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Kurnath v. State

New Jersey Supreme Court


Decided: April 30, 1943.

ALBERT G. KURNATH, NICHOLAS R. SCHAUB, JOHN J. SKURSKI AND PETER MARKOVIC, PROSECUTORS,
v.
STATE OF NEW JERSEY, DEFENDANT

On writ of certiorari.

For the prosecutors, Greenburg, Wilensky & Feinberg (Bernard Feinberg and Robert J. Rubacky).

For the respondent, David T. Wilentz, Attorney-General, and Sackett M. Dickinson.

Before Justices Case and Donges.

Case

[130 NJL Page 87]

The opinion of the court was delivered by

CASE, J. The only question, as the case comes before us, is whether the prosecutors, who were members of the New Jersey National Guard, were in the performance of any duty ordered by competent authority at the time they received their injuries. The claims were submitted to the Adjutant-General under R.S. 38:11-1, et seq., and were denied by the Military Board and by the Adjutant-General upon the ground that the injuries were not received while the claimants were in the performance of such a duty. That denial is under review. Prosecutors had been on active duty, December 15th, 1939, at Camp Dix and on that day obtained a pass authorizing them to be absent from their post from seven o'clock P.M., that day, until two o'clock A.M. of the following day, December 16th. They used the interval for their own purposes and shortly after midnight of December 16th as they were

[130 NJL Page 88]

returning in an automobile owned and driven by one of their number were injured in an accident caused by the automobile leaving the highway and colliding with a tree.

The statute provides:

"1. Medical service and compensation for injuries. Any member of the national guard * * * who, while at drill or in the performance of any duty ordered by competent authority, shall receive any injury * * * shall receive from the state * * * medical service and compensation therefor in accordance with article 2 of chapter 15 of the title Labor and Workmen's Compensation (§ 34:15-7 et seq.).

"2. Method of determining compensation. Compensation for illness or disease contracted while on duty or as the result of exposure incident thereto, shall not be restricted to disabilities covered by the occupational diseases enumerated in section 34:15-31 of the title Labor and Workmen's Compensation, but shall be payable for any illness or disease for which the service can be held responsible. * * *

"4. Compensation determined for permanent disability. If any member of the national guard * * * shall be injured or disabled at drill or in line of ordered duty in the active service of the state, and such injury or disability shall be of a permanent nature the person so injured or disabled shall receive the same compensation as is provided in article 2 of chapter 15 of the title Labor and Workmen's Compensation (§ 34:15-7 et seq.) for injuries of a similar nature. * * *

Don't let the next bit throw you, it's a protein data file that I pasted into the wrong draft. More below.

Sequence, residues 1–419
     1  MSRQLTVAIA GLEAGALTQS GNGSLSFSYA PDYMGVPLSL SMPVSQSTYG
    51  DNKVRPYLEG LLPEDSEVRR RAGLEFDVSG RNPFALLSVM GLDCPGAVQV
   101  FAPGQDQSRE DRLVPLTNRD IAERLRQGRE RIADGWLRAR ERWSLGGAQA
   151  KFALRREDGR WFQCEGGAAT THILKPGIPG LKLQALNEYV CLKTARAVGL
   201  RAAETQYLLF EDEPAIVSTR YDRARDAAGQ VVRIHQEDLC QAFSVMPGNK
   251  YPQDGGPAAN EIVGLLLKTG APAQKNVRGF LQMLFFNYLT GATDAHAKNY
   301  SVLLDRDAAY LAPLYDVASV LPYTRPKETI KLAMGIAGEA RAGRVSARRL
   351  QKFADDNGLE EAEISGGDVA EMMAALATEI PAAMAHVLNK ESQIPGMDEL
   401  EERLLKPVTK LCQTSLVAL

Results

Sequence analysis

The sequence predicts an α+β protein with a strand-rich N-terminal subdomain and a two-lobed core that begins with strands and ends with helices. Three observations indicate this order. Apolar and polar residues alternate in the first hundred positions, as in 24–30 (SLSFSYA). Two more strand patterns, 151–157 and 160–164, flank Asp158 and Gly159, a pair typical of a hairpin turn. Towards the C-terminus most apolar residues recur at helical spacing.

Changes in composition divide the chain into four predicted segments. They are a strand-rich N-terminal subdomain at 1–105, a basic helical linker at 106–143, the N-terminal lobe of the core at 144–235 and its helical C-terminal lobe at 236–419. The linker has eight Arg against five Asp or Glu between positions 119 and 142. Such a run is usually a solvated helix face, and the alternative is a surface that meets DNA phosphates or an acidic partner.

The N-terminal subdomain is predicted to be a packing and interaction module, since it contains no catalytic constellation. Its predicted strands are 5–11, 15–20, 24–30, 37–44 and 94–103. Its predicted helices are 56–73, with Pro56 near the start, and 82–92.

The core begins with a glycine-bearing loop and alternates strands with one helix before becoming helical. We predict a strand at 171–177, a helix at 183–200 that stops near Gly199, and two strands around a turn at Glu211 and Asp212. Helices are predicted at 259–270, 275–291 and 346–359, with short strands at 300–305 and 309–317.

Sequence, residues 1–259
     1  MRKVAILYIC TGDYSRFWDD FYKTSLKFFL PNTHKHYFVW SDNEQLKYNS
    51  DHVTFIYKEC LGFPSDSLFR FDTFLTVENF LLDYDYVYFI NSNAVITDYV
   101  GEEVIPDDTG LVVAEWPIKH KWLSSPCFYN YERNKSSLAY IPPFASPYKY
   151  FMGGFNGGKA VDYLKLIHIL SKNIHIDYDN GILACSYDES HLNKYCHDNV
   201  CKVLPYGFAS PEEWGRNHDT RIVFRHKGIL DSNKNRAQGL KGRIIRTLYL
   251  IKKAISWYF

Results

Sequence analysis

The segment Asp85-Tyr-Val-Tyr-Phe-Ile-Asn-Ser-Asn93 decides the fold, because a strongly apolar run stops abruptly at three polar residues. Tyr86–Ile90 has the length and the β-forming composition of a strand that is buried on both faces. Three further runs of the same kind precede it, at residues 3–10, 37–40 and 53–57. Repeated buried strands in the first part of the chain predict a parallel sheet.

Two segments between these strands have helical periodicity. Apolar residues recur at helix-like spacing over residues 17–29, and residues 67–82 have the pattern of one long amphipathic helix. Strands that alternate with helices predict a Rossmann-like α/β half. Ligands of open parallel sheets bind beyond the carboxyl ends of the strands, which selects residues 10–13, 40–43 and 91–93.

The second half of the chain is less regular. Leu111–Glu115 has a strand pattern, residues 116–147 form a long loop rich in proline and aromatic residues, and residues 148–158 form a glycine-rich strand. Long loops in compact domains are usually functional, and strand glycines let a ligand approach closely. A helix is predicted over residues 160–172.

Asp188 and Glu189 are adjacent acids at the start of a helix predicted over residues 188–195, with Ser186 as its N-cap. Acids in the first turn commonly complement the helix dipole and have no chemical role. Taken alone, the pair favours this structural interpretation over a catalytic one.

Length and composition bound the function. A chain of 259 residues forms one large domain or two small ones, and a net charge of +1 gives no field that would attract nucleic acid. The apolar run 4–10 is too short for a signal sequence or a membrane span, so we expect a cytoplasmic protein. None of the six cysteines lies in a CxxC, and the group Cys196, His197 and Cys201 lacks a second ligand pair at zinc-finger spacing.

"5. Compensation determined for dependent of deceased soldier. If any member of the national guard * * * shall receive injuries at drill or in line of ordered duty in the active service of the state resulting in death, the dependent members of the family of the deceased, if there be such, shall receive the same compensation as is provided in article 2 of chapter 15 of the title Labor and Workmen's Compensation (§ 34:15-7 et seq.). * * *"

Our legislature built the Militia Compensation Act, in part, upon the Workmen's Compensation Act. Under that act a person injured in going to or from work is not compensated, Gullo v. American Lead Pencil Co., 119 N.J.L. 484; Grotsky v.

[130 NJL Page 89]

Charles Grotsky, Inc., 121 Id. 461; affirmed, 124 Id. 572, unless under special circumstances, such as that the workman was still within the ambit of his employment, Fury v. New York and Long Branch Railroad Co., 127 Id. 354, or the employer had agreed to transport or had made a practice of transporting the workman to and from work, Rubeo v. Arthur McMullen Co., 117 Id. 574.

Prosecutors argue that the case should be decided in conformance with two or three opinions said to have been given by the office of the United States Attorney-General to a federal department upon the significance of the words "line of duty" as contained in the federal statute. But the comprehensive first section of our statute requires that the injury shall have been received "at drill or in the performance of any duty ordered by competent authority." We think that the words "at drill or in line of ordered duty in the active service of the state," as used in sections 4 and 5, must be interpreted in the light of section 1 just mentioned and with the expression "while on duty or as the result of exposure incident thereto" contained in section 2. Prosecutors were not on duty and were not on call for duty. It is true that at the hour of two o'clock their leave of absence would expire and it would then be their duty to be at the camp. That would mark the end of their "time off." Until then they were free.

We conclude that the findings and action of the Military Board and of the Adjutant-General were legally correct and should be affirmed.

We call the attention of counsel to the fact that the leave granted to use a stipulation of facts in lieu of depositions did not waive a return by the Adjutant-General in accordance with the direction in the writ. A return should have been certified.

19430430


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